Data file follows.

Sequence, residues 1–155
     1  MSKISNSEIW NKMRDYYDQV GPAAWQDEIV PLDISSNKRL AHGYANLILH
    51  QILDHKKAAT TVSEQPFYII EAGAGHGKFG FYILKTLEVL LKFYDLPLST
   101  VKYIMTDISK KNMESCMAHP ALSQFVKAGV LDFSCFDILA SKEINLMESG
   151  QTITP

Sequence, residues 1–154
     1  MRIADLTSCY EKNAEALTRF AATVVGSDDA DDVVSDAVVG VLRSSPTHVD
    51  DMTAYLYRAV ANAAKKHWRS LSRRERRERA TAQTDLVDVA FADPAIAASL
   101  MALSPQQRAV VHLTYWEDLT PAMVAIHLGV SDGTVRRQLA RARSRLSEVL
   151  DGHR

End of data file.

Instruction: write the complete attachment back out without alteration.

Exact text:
Sequence, residues 1–155
     1  MSKISNSEIW NKMRDYYDQV GPAAWQDEIV PLDISSNKRL AHGYANLILH
    51  QILDHKKAAT TVSEQPFYII EAGAGHGKFG FYILKTLEVL LKFYDLPLST
   101  VKYIMTDISK KNMESCMAHP ALSQFVKAGV LDFSCFDILA SKEINLMESG
   151  QTITP

Sequence, residues 1–154
     1  MRIADLTSCY EKNAEALTRF AATVVGSDDA DDVVSDAVVG VLRSSPTHVD
    51  DMTAYLYRAV ANAAKKHWRS LSRRERRERA TAQTDLVDVA FADPAIAASL
   101  MALSPQQRAV VHLTYWEDLT PAMVAIHLGV SDGTVRRQLA RARSRLSEVL
   151  DGHR